In What a Breeze: The Case for the “Impure” Opinion (published in the Scribes Journal of Legal Writing in 2015), legal writing expert Ross Guberman suggests that, to appeal to today’s legal readers, judges should adopt a less formal writing style than that favored by many of their predecessors. Studying how judges write opinions can help lawyers improve their own writing, and Guberman’s advice to judges is no exception.
As Guberman explains, informal judicial writing uses lots of short, crisp words; idomatic turns of phrase; and visual imagery. He offers this example from an opinion by Bankruptcy Judge Benjamin Goldgar, highlighting phrases that are close to what the judge would likely have used were he recounting the case out loud:
Liou’s misrepresentations to the court were quite serious, far worse than simply checking the wrong box on a bunch of forms.
Liou unquestionably should have known better. He has represented debtors in chapter 13 bankruptcies for almost 15 years and is a regular practitioner in this court. His practice modifying the [Model Retention Agreement] with an addendum was not only inconsistent with the basic principle underlying the court’s flat fee arrangement but plainly so. If, as he now says, he did not actually intend to conceal anything or mislead anyone, he should certainly have realized that was the effect. The call is not even a close one. All told, Liou’s moral compass badly needs repair.*
Justice Elena Kagan is another master of the “impure” opinion. Guberman observes that she makes her opinions easy to read and understand, and brings herself close to the reader, by shunning jargon; talking to the reader in the imperative or with the second-person you; projecting her own reactions; and mimicking natural oral language. He offers brief examples from a few of her opinions (again, with notable phrases highlighted):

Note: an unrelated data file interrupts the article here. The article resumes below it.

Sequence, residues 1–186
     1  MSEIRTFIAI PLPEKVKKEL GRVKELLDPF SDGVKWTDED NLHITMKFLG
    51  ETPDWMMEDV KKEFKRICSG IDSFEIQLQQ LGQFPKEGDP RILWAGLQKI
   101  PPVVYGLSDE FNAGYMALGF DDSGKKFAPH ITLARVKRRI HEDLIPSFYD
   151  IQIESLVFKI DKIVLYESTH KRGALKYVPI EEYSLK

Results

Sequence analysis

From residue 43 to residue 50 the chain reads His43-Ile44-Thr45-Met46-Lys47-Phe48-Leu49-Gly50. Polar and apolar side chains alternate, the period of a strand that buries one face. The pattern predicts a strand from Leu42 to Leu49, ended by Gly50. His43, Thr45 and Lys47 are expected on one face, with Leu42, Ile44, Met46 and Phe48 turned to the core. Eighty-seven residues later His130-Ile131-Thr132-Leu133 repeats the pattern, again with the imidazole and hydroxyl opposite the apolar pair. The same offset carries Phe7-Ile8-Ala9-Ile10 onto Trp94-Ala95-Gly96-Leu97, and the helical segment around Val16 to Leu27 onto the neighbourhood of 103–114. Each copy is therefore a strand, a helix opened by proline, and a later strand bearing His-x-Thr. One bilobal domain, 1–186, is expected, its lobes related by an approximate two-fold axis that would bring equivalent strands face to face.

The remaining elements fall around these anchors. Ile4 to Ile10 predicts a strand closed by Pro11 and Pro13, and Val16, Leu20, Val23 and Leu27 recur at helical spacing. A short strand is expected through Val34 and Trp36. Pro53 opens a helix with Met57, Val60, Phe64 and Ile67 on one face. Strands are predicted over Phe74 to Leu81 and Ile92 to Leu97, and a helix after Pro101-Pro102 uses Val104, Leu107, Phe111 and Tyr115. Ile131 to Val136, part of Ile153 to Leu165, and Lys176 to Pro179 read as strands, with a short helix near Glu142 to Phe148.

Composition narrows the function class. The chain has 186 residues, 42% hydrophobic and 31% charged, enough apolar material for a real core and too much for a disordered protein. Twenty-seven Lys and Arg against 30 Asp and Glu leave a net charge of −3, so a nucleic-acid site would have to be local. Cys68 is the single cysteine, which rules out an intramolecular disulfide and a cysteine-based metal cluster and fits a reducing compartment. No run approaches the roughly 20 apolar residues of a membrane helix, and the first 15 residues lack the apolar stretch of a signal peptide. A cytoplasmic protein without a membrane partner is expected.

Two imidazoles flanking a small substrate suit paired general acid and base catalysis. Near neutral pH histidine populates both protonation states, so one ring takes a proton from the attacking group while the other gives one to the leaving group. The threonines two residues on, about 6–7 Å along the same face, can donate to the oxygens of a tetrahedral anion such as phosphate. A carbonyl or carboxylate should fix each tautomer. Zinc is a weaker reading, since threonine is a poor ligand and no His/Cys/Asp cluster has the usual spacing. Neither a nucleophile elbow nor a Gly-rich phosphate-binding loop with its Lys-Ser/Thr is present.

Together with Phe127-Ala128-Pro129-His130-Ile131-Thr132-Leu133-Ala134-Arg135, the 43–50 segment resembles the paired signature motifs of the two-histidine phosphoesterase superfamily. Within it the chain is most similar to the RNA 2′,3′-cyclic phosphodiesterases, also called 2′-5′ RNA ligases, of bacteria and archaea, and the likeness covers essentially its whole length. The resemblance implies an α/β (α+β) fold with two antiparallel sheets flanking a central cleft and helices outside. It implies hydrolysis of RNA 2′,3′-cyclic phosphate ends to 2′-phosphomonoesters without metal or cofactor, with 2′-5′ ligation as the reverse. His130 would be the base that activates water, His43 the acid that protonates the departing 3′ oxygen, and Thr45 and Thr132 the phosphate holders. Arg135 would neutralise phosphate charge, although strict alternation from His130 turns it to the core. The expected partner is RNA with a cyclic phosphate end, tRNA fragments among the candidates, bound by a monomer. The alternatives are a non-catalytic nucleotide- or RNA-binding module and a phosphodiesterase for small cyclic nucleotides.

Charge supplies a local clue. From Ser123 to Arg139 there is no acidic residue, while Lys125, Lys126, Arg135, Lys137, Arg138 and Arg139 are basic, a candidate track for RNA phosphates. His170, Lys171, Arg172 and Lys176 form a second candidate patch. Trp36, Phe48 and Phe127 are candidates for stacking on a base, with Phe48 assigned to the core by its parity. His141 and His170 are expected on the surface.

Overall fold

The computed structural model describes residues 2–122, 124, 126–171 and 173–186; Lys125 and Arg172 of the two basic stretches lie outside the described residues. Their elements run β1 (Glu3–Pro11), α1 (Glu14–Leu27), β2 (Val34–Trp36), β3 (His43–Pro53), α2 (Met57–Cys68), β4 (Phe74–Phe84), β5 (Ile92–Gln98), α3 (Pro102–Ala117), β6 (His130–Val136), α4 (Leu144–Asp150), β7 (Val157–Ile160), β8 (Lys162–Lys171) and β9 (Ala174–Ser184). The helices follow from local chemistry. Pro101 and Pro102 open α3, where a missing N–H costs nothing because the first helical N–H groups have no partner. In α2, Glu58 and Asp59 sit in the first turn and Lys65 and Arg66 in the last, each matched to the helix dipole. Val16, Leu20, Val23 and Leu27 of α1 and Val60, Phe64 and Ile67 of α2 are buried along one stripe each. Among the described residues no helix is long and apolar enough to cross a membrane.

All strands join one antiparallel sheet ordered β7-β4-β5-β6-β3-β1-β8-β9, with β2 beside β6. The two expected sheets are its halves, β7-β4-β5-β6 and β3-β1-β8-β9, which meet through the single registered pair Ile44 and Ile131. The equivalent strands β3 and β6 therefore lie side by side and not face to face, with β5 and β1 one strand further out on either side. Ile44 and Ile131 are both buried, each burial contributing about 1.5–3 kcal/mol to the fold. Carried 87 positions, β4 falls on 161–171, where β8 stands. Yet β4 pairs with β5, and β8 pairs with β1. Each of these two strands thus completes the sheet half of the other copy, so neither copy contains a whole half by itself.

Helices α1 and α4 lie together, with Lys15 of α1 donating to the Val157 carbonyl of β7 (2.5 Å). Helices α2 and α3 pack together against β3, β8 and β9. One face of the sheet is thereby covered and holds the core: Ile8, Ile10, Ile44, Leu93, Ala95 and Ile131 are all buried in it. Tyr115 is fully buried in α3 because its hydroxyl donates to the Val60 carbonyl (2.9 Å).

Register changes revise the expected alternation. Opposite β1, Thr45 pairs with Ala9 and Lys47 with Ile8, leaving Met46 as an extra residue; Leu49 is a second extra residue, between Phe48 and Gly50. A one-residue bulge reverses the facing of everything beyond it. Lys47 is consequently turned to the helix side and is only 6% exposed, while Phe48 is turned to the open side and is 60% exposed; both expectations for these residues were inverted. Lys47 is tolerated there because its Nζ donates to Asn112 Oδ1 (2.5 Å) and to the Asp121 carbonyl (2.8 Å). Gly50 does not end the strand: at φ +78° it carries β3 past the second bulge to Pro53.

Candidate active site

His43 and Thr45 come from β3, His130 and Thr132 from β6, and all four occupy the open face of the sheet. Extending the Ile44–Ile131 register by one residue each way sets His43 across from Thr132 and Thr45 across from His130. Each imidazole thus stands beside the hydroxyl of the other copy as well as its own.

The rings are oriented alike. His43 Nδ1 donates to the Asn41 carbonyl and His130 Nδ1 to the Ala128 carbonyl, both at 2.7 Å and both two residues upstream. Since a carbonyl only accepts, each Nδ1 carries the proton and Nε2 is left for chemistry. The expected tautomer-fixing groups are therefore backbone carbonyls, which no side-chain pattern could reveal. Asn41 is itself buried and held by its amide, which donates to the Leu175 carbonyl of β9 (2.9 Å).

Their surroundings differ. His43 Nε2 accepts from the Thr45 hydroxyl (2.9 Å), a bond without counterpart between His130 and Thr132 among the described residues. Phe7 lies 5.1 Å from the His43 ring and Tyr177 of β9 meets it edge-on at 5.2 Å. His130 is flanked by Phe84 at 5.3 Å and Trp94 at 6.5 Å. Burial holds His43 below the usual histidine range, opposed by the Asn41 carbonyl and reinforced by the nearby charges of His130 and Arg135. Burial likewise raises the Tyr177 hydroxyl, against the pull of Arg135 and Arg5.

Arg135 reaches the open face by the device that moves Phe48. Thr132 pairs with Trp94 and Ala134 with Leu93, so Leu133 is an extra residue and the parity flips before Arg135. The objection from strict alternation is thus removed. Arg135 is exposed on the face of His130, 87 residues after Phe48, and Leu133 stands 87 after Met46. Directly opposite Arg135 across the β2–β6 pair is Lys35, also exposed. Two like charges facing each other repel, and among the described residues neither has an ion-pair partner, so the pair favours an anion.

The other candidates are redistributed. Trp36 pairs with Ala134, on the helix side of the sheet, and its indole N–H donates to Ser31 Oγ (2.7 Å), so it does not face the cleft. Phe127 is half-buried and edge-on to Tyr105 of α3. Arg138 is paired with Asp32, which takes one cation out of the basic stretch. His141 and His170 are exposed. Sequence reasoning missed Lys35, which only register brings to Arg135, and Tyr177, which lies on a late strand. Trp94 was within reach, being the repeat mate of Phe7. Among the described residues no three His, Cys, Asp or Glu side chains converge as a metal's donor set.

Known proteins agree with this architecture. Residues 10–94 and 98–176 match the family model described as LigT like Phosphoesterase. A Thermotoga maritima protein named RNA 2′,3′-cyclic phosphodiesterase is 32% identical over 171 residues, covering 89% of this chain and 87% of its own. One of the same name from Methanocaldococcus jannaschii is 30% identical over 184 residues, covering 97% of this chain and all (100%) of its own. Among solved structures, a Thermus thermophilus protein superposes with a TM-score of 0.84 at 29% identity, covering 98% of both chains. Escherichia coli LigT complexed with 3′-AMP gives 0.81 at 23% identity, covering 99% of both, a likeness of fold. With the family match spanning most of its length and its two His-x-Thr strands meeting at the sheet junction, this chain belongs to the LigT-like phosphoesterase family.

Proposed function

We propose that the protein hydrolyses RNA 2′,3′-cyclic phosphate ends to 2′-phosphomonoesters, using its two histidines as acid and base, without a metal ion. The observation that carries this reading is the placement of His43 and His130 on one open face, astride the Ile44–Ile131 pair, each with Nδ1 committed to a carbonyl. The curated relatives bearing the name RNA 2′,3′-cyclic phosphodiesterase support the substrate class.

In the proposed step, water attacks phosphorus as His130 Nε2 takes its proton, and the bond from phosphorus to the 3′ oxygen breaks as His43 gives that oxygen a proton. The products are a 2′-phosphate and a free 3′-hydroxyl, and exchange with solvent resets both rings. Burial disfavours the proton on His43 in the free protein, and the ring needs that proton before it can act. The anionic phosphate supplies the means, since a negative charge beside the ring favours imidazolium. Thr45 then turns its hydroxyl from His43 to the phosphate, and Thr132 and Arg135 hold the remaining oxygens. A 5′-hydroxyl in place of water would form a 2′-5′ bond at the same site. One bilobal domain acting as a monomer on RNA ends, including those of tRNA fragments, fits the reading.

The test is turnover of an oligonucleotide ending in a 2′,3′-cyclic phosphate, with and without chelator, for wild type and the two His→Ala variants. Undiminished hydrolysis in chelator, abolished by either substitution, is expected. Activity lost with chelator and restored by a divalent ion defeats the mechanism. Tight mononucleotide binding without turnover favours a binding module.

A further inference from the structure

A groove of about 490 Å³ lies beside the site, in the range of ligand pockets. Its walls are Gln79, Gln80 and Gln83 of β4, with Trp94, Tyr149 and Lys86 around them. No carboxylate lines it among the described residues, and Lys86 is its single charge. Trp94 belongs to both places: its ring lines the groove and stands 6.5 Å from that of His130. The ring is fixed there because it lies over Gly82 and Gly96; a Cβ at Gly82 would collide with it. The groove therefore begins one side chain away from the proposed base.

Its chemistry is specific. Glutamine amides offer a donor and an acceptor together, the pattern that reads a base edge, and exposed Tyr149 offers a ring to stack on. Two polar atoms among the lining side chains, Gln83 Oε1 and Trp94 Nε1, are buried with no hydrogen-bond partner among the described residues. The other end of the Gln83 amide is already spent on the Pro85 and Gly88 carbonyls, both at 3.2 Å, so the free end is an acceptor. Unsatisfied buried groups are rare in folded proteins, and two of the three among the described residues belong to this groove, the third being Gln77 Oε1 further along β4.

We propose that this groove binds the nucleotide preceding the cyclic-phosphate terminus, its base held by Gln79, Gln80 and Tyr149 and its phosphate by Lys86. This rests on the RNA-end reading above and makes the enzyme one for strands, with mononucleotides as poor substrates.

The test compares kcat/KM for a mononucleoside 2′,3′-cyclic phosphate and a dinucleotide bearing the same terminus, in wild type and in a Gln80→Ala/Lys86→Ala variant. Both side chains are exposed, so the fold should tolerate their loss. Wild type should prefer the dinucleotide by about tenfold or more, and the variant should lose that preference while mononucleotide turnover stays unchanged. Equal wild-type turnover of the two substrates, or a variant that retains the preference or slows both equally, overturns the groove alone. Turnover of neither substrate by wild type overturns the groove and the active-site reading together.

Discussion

From Arizona Free Enterprise Club v. Bennett (dissenting):
Except in a world gone topsy-turvy, additional campaign speech and electoral competition is not a First Amendment injury.
* * *
So [Petitioners] are making a novel argument: that Arizona violated their First Amendment rights by disbursing funds to other speakers even though they could have received (but chose to spurn) the same financial assistance. Some people might call that chutzpah.
From Kloeckner v. Solis:
If you need to take a deep breath after all that, you’re not alone. It would be hard to dream up a more round-about way of bifurcating judicial review of the [agency’s] rulings in mixed cases.
While you shouldn’t address the court in the imperative or with the second-person you, you’ll be well-served by adopting the other techniques Guberman has identified.
Of course, using a relatively informal writing style doesn’t mean you can ignore the fundamentals of good writing: in fact, you musn’t, lest the court consider your writing sloppy rather than approachable. And writing in an informal style doesn’t give you license to toss in just any phrase at will: avoid, for example, phrases that aren’t age-appropriate (such as the “teenager-like” phrase “basically forever” that Judge Rogeriee Thompson used in United States v. Seng Tan).
*Guberman’s example goes on for two more paragraphs, but the portion quoted here is enough to demonstrate his point.